All I wanted to do was change my Wall Street Journal digital Monday to Friday subscription back to a daily print subscription. Why? Because I found I was not reading enough of the business news as I had when the paper was physically delivered. I also wanted to retain my Saturday delivery subscription. Sounds easy to accomplish, yes?
Four or five (can’t remember which) conversations later, I have effected the change. Why so many? Because the WSJ customer service functions are designed from the inside out to serve internal needs rather than from the outside in to serve customer needs.
To make the change I needed to deal with three customer service groups:
- Saturday only
- Daily print
As I look at this list, I can envision the WSJ’s organizational structure and financial reports.
Because of this business structure, I would have needed to make at least three calls to accomplish the switch (cancel Saturday only, cancel digital, then sign up for daily delivery). And things didn’t go perfectly. My initial call was routed to the wrong group. Then the Saturday-only woman I talked with did not understand when I asked to renew my Saturday subscription but also make it a daily subscription that I was doing more than renewing just Saturday. And why should she? All she thinks about day in and day out is Saturday only. She could not “hear” my request for daily delivery. When the paper did not appear all week, I went into a second round of phone calls.
I am one customer and a very loyal one if you look at my overall buying record. But that record was not visible to each siloed group. And the daily group (where I held a subscription for at least a decade) did not even know that I still existed after my switch to Monday-Friday digital. This gap resulted in the demand that I share my credit card information multiple times.
One very sweet customer service rep – hearing my voice rise when I was going to be switched to yet another contact – got permission from her boss to solve my problem once and for all on the spot. During the four or five minutes I was on hold waiting for the rep, I almost hung up, and was considering switching to the New York Times as I’d gotten that mad. Had the NYT’s content for business news been close to comparable or if the WSJ rep had an attitude problem as bad as mine, the switch would have been a no-brainer.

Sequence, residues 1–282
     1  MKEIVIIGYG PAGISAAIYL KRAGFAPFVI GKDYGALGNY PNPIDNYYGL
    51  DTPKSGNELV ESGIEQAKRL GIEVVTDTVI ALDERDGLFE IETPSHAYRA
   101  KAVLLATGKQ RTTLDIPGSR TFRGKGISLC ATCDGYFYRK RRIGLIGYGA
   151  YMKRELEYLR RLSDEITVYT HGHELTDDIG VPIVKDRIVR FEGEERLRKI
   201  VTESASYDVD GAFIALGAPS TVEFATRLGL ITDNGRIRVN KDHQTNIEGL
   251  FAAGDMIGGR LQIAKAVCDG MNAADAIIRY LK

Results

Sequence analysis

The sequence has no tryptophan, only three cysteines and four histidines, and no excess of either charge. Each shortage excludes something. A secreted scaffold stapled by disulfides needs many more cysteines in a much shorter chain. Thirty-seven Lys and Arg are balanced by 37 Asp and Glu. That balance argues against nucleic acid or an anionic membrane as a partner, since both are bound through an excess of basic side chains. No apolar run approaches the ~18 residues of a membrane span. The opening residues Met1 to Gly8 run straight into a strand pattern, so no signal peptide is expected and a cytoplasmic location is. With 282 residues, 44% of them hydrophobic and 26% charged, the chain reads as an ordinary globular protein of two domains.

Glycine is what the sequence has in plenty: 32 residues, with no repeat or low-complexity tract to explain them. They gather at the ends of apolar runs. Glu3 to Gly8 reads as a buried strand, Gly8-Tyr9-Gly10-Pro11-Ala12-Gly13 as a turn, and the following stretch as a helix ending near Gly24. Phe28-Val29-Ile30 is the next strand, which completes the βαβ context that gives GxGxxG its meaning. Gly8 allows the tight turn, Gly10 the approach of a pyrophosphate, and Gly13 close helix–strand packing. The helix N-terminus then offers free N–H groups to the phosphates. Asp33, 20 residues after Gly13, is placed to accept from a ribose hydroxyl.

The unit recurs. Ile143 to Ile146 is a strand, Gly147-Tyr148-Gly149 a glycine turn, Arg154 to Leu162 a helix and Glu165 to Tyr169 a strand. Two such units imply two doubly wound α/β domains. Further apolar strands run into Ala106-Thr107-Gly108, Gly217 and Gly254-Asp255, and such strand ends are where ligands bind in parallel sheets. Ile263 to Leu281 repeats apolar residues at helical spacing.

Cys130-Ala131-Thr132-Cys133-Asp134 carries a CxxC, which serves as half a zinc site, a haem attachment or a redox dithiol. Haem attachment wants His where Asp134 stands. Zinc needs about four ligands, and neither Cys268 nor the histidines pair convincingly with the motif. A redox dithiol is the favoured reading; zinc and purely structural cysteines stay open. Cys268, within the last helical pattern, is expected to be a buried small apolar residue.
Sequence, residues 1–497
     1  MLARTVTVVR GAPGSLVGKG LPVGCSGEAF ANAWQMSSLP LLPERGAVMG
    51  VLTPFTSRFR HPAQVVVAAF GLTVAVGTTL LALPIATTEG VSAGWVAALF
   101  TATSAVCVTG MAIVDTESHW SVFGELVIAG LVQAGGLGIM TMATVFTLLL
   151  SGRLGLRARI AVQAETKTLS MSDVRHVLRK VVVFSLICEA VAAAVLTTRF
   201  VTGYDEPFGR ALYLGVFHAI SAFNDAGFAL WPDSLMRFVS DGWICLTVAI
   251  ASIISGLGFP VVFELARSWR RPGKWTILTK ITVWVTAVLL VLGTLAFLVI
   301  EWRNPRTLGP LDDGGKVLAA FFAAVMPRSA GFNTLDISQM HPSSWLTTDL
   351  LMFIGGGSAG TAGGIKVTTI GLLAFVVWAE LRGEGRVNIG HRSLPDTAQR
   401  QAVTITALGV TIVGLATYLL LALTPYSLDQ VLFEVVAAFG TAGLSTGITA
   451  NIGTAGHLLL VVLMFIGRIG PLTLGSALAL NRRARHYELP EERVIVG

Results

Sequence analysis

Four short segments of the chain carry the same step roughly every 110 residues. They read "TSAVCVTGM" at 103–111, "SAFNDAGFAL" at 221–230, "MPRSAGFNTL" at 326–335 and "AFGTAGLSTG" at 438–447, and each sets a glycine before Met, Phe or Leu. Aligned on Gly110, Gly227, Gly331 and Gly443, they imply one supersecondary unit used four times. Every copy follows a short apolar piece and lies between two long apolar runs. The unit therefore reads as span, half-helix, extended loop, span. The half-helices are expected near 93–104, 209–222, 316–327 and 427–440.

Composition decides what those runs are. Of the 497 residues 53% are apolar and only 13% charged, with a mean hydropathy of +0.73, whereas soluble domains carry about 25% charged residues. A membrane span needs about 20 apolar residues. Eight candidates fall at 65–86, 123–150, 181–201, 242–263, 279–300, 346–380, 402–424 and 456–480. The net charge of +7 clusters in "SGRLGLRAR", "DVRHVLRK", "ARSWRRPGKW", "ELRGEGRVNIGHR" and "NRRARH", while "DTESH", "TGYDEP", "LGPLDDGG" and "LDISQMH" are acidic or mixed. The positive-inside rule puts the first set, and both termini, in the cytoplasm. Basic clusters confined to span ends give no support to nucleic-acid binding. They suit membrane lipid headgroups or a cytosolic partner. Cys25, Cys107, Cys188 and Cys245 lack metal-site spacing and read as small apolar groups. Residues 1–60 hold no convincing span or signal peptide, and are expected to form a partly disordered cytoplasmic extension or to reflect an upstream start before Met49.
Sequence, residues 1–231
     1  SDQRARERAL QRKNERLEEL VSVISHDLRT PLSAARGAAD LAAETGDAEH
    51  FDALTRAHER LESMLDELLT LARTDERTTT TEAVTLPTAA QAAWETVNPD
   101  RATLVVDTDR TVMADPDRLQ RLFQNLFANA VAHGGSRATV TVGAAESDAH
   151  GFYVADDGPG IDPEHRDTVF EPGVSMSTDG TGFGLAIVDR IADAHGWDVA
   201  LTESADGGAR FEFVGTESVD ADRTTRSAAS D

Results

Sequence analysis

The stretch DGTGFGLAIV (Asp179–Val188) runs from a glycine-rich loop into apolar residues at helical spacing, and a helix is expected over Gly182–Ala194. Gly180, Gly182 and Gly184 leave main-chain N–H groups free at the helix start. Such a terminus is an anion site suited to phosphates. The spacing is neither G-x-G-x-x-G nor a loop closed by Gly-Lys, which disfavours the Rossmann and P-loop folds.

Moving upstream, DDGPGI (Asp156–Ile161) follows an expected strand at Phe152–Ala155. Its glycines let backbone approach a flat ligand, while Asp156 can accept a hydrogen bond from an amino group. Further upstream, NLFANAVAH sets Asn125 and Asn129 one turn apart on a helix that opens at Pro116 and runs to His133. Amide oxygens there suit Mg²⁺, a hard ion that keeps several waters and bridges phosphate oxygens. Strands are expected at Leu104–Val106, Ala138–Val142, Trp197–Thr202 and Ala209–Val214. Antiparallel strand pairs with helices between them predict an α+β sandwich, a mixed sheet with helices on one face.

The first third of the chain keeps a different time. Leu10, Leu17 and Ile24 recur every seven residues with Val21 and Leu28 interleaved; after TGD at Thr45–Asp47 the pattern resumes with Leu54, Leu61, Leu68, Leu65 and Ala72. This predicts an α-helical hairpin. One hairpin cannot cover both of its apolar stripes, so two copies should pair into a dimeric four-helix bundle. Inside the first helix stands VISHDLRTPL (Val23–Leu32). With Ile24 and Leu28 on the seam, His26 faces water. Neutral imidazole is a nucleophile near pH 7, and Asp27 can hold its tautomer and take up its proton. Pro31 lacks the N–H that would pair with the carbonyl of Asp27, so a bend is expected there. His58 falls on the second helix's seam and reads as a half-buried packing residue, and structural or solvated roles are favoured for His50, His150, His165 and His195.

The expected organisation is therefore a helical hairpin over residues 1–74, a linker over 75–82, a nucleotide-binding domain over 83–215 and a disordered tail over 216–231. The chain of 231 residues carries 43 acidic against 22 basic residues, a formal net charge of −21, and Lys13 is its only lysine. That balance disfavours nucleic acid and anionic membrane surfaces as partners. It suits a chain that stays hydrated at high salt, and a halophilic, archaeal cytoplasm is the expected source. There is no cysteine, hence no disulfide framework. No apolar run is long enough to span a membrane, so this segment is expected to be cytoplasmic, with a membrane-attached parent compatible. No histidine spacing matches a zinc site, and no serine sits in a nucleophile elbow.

The WSJ is the only US newspaper making good money because it is a B2B business and business people will pay for content versus search-for-free. While it is smartly trying to be more consumer-oriented with its Saturday offering, readers (or their companies) pay for the paper because they use it for business. But, like other B2B businesses, the WSJ had better wake up to the fact that whether we are buying for our personal consumption or for our business use, customer expectations for service have grown. B2B businesses had best step up to the plate and deliver. When I contacted the WSJ, I expected Amazon- or Expedia-like efficiency and effectiveness. Instead, I ran into a byzantine business structure that may simplify internal accounting and management but makes the customer experience a nightmare.
The challenge facing every company – be it B2C or B2B – is to understand the customer as an individual, design an experience that will delight them, and make sure the promises made about the brand are delivered. That requires outside-in thinking where every process is designed from the customer’s point of view.
In most B2B markets, offerings are becoming more rather than less comparable. This tells me that delighting B2B customers has a huge bottom line impact in today’s copycat economy. It also tells me that B2C brands – like Apple and Samsung – have incredible B2B opportunities as business customers expect more from products and services.
As a B2B business, remember that you are serving real people with real needs, not solely “businesses.” B2B customers make buying decisions on two levels: will it benefit my company and will it benefit me as an individual? This dual-level decision has fascinating implications for branding and value promises. Ignore the individual-level decision at your peril.